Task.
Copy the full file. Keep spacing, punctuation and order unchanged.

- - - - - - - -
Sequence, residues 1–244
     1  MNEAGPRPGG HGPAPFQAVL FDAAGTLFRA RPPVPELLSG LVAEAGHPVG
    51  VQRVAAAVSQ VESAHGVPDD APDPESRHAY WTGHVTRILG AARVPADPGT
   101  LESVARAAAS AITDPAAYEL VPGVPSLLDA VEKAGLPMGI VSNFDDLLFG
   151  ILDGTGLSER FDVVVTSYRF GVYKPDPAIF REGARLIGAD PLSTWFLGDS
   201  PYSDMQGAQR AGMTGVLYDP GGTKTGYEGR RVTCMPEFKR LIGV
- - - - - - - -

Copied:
Sequence, residues 1–244
     1  MNEAGPRPGG HGPAPFQAVL FDAAGTLFRA RPPVPELLSG LVAEAGHPVG
    51  VQRVAAAVSQ VESAHGVPDD APDPESRHAY WTGHVTRILG AARVPADPGT
   101  LESVARAAAS AITDPAAYEL VPGVPSLLDA VEKAGLPMGI VSNFDDLLFG
   151  ILDGTGLSER FDVVVTSYRF GVYKPDPAIF REGARLIGAD PLSTWFLGDS
   201  PYSDMQGAQR AGMTGVLYDP GGTKTGYEGR RVTCMPEFKR LIGV